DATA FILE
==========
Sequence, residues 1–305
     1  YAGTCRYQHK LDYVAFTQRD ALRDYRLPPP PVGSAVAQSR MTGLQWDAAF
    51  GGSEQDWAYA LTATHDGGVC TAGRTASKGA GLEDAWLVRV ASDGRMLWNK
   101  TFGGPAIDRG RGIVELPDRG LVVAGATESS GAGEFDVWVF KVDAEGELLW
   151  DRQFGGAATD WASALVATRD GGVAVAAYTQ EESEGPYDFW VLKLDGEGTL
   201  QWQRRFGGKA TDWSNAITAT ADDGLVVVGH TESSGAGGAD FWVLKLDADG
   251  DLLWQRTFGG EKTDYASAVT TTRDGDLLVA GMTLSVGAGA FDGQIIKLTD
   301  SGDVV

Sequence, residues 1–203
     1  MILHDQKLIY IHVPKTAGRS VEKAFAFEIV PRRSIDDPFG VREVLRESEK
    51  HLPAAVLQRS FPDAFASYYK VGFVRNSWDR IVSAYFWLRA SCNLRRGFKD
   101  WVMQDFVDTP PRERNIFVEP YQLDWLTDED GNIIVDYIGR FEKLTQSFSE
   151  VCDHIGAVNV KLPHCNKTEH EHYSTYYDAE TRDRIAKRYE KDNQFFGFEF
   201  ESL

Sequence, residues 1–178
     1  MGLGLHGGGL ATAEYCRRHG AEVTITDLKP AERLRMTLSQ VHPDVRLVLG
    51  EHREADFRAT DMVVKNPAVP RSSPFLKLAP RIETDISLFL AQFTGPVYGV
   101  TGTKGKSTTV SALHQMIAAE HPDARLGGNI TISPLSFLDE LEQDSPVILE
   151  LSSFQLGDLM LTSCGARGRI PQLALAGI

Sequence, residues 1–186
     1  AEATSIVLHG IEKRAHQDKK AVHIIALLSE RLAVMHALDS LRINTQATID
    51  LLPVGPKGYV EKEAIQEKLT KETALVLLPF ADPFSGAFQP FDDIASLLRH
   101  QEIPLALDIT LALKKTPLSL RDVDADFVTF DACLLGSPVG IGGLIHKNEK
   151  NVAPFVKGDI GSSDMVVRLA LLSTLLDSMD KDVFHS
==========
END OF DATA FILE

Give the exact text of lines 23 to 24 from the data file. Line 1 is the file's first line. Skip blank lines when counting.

   101  QEIPLALDIT LALKKTPLSL RDVDADFVTF DACLLGSPVG IGGLIHKNEK
   151  NVAPFVKGDI GSSDMVVRLA LLSTLLDSMD KDVFHS